But he also reiterated that he believes “full equality” can be achieved without marriage licenses. And, while he says his administration would support a “fully inclusive” Employment Non-Discrimination Act, he does not specify how he would vote if a sexual orientation-only version comes before him in the Senate next year.
(Dallas Voice is a member of the National Gay Newspaper Guild and did receive the essay from the Obama campaign. The Voice chose not to publish the essay because the newspaper does not publish campaign statements as opinion articles.)
OBAMA BOLDNESS: Obama granted a sit-down Q-&-A on Nov. 11 with David Brody of CBN News, an affiliate of television evangelical Pat Robertson. Brody asked him about his positions on abortion and gay marriage. Obama called the issues “profoundly difficult” and said they are “ones I grapple with.”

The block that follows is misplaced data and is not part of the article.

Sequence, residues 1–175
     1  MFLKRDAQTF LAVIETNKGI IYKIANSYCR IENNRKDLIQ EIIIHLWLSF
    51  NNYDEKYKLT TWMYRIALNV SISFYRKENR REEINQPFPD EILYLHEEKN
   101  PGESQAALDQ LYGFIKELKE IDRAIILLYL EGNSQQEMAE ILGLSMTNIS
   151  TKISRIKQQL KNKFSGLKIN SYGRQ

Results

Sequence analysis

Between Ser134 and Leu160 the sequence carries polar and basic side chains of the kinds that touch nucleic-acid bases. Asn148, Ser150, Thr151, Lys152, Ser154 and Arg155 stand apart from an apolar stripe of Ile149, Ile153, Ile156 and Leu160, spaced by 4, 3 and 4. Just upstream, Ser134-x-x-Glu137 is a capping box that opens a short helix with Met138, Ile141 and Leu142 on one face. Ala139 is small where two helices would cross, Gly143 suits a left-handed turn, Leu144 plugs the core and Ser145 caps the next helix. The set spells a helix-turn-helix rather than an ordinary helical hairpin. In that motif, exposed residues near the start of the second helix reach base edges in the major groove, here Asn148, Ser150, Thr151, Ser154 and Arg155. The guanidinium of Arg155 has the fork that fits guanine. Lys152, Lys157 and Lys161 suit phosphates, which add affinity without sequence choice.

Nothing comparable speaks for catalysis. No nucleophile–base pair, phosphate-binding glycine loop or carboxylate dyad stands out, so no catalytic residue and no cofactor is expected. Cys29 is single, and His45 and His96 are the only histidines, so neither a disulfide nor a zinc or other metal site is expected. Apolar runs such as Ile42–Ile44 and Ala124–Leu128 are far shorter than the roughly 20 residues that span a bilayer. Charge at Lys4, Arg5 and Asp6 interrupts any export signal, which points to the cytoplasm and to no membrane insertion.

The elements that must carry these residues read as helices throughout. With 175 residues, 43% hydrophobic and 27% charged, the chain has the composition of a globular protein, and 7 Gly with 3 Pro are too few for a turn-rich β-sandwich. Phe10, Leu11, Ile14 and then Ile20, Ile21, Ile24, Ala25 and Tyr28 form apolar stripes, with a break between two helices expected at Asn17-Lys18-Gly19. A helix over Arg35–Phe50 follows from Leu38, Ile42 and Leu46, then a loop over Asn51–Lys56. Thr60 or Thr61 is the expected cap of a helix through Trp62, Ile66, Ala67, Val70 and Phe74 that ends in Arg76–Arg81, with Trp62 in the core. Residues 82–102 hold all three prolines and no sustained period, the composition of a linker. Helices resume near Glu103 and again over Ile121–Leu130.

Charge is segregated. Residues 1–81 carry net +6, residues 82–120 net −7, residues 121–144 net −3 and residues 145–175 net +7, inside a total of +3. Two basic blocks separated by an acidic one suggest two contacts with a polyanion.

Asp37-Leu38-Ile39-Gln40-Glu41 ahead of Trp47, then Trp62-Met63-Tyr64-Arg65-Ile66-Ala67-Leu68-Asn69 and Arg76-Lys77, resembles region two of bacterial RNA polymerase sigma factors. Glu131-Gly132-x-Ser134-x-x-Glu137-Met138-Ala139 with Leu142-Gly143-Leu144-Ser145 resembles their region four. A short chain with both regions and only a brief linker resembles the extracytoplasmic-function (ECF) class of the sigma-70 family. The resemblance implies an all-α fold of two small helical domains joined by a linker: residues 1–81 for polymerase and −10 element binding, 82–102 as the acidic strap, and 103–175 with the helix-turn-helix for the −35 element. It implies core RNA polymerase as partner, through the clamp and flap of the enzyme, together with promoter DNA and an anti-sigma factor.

On gay marriage, he said “My belief is that, as a public official, my role is to make sure that everybody is treated fairly, and everybody has equal rights. And I know that, sometimes in this debate, there’s talk about, “‘Well, we don’t mind giving gays and lesbians equal rights, but not special rights.’ Well, the fact is, right now, many gay couples, for example, can’t visit each other in the hospital. And, when I sit down and read scripture, and I think, “‘How would Jesus feel about somebody not being able to visit somebody they love when they’re sick,’ I conclude that that is something that is important. And certainly as a public official, it’s important for me to make sure that those basic rights, that basic equality is available.”
To gauge the boldness of the delivery, go to www.cbn.com/CBNnews/266144.aspx.
OBAMA CONFRONTED: Media attention to the controversy over Obama’s gospel concert tour has died down, but audience members confronted him in Cedar Rapids, Iowa, last week.
According to the Politico Web site, Obama was asked about the matter during an MTV-MySpace event that was broadcast live and, later, at a different event.
At that latter event, the mother of a gay man who hopes to get married asked the candidate what he could do to help.